US stocks gyrated Wednesday morning after weak earnings from Alphabet (GOOGL) and Microsoft (MSFT) raised concerns that slowing output could dent corporate profits in the coming months.
The technology-heavy Nasdaq Composite (^IXIC) pared early losses as the index traded nearly flat by midday. Both the S&P 500 (^GSPC) and the Dow Jones Industrial Average (^DJI) inched higher — by 0.6% and 0.9%, respectively — during midday trading.
Stocks have rallied of late, posting three straight days of gains. The Nasdaq jumped 2.3% in Tuesday trading. After the closing bell on Tuesday, however, Microsoft posted its weakest quarterly revenue growth in five years as a strong dollar and slumping PC sales held back the tech giant’s growth. Microsoft shares sank as much as 8%, the biggest intraday drop since March 2020.
Google parent Alphabet, meanwhile, posted results that missed analysts’ revenue expectations, while YouTube recorded its first decline in digital ad revenue since the company began reporting the video unit’s performance. The company’s shares fell 8% at the open.
“The fact of the matter is, we are heading into, whether we want to call it a recession or not, we’re heading into a softer or tighter macro environment. … You hear this from all the software vendors,” RBC Capital Markets software equity analyst Rishi Jaluria told Yahoo Finance Live on Tuesday following the quarterly earnings report.
“It was disappointing,” Morningstar senior equity analyst Ali Mogharabi told Yahoo Finance Live on Tuesday. The decline in Youtube’s digital ad revenue was due in part to the “foreign currency headwinds,” but the broader picture here is the economic downturn, he explained.
“A lot of advertisers are becoming more hesitant. They’re maybe holding back a little bit on their ad spending. But at the same time, even during an economic downturn, you’re seeing the importance of that digital transition of that cloud migration,” Mogharabi said.
The downturn rippled across the tech sector. Facebook parent Meta Platforms (META) fell more than 3% in early trading, while Amazon (AMZN) dropped 4.2%.
While tech shares have been downbeat this year, mega-cap technology stocks still hold heavyweight over the major indexes. The five biggest tech firms — Microsoft (MSFT), Alphabet (GOOGL), Meta Platforms (FB), Apple (AAPL), and Amazon (AMZN) — alone represent roughly a quarter of the S&P 500 index’s market capitalization.
Earnings reports will continue to roll in Wednesday, with Facebook parent Meta Platforms and automaker Ford (F) taking the headline spots. Both are set to report after the bell.
Still, earnings this quarter have provided bits of positive corporate news. Chipotle (CMG) posted results Tuesday that slightly topped market expectations. Most of its sales numbers came from another round of menu price increases as the company navigates inflationary pressures. Spotify (SPOT), meanwhile, added more users on both its free and paid tiers than expected in the third quarter. The streaming company reported a 19% ad-revenue increase, while sales weakened due to the “challenging macro environment.”
Also on the earnings front Tuesday, some of the largest shipping companies in the US pointed to coming price hikes. The Atlanta-based United Parcel Service Inc (UPS) posted revenue gains in the third quarter of 2022 compared to the prior year, despite a pullback in global shipping demand. By late December, UPS plans to increase rates UPS Ground, Air and International services by an average of 6.9%.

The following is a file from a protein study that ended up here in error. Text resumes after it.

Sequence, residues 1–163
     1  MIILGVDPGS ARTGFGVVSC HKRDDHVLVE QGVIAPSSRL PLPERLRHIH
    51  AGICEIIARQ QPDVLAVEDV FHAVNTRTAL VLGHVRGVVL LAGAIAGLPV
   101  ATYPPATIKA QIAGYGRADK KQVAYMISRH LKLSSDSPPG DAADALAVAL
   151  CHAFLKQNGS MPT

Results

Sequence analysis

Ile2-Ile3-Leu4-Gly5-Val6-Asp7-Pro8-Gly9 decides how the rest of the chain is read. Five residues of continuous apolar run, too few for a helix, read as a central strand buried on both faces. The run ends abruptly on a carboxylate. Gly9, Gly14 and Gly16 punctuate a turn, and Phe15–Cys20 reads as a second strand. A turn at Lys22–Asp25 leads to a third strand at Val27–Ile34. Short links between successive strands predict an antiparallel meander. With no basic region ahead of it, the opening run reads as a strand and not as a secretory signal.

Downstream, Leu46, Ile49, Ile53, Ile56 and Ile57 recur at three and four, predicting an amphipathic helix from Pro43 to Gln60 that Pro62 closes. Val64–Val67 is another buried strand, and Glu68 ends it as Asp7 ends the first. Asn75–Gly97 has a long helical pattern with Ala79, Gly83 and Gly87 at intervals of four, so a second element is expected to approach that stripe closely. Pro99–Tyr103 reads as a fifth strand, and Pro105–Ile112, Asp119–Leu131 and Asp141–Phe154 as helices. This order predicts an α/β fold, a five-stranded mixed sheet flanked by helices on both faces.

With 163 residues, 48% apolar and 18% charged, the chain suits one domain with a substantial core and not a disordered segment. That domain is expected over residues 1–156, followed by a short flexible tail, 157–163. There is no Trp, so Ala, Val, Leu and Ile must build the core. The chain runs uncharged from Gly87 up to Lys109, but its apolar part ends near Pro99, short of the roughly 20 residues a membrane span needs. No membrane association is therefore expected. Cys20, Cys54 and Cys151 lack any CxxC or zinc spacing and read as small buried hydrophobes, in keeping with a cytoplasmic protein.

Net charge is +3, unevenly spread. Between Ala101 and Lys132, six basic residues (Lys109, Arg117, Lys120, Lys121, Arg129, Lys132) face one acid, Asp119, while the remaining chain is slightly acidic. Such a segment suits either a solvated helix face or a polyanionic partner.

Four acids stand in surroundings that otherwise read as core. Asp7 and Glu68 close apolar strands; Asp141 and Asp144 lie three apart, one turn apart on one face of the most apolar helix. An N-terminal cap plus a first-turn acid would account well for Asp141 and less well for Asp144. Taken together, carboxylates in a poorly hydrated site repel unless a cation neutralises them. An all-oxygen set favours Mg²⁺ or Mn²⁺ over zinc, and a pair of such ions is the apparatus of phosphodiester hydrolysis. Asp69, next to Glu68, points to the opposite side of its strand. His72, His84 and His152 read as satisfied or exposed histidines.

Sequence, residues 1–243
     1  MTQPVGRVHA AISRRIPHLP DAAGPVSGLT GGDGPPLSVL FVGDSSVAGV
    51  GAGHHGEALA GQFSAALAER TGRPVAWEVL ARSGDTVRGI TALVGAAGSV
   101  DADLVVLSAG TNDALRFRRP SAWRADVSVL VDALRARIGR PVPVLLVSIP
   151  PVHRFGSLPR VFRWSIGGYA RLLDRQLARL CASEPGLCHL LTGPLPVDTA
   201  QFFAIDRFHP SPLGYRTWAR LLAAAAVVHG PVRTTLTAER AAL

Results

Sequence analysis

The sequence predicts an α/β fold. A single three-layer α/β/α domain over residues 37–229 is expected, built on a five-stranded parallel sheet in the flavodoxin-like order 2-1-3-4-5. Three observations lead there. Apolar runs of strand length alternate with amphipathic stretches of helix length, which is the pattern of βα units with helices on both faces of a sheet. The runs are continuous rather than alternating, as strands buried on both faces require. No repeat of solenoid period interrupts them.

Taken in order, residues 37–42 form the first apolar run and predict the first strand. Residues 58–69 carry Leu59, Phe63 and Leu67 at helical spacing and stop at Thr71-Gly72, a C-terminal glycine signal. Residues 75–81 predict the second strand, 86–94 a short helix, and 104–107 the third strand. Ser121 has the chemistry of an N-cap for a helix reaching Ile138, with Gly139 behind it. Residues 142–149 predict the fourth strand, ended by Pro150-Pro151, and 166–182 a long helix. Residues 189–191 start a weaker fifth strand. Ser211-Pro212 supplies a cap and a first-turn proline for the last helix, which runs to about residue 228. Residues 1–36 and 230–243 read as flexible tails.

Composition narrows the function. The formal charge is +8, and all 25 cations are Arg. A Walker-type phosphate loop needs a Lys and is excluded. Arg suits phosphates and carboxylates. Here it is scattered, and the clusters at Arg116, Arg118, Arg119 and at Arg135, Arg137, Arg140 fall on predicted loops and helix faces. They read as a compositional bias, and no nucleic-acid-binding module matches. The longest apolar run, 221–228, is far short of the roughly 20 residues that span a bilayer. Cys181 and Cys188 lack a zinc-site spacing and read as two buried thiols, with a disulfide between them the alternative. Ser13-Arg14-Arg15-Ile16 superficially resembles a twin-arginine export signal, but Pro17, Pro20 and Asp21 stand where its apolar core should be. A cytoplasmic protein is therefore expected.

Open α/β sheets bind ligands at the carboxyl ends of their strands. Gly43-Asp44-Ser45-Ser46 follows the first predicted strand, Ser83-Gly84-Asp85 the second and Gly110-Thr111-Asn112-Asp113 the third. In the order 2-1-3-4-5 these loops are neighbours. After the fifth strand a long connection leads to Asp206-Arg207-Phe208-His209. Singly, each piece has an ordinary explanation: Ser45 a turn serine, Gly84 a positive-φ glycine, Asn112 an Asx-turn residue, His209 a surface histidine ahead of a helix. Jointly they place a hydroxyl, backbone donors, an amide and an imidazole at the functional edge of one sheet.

Memphis, Tennessee-based rival shipping giant FedEx Corp. (FDX) also plans to increase rates by 6.9% and expects to cut between $2.2 to $2.7 billion in costs to counteract weakened global demand and light shipping volumes, which the company similarly cites as a hit to the bottomline.
Boeing on Wednesday, meanwhile, became the latest company to report a third-quarter loss and revenue that missed analysts’ expectations amid a “challenging environment.”
Also on Wall Street’s plate is Twitter’s drama-filled acquisition deal. Elon Musk has until Friday evening to close the deal on his $44 billion acquisition or face a legal battle at Delaware Chancery Court next month.
“Once Twitter deal closes on Friday (which is our expectation) and Musk sells his needed Tesla stock this 6 month painful overhang will be over and Tesla investors can finally focus on moving forward and seeing the next chapter of growth story take hold into 23 despite macro,” Wedbush Securities analyst Dan Ives wrote on Twitter following the news on the deal.
In the crypto market, Bitcoin (BTC) climbed above $20,000 for the first time in about three weeks as trade volume moves downward for the quarter.
Yields on the US Treasury bonds were lower Wednesday morning, as the dollar weakens, marking its lowest level in three weeks. As stocks have rebounded over the past week, bonds have continued to fall, marking a potential disconnect between a steady market trend this year.
North of the US, the Bank of Canada raised it benchmark rate by a half-percentage point from 3.25% to 3.75%, the highest level in nearly 14 years. Economists surveyed had expected a larger 75-basis point increase.
Dani Romero is a reporter for Yahoo Finance. Follow her on Twitter @daniromerotv
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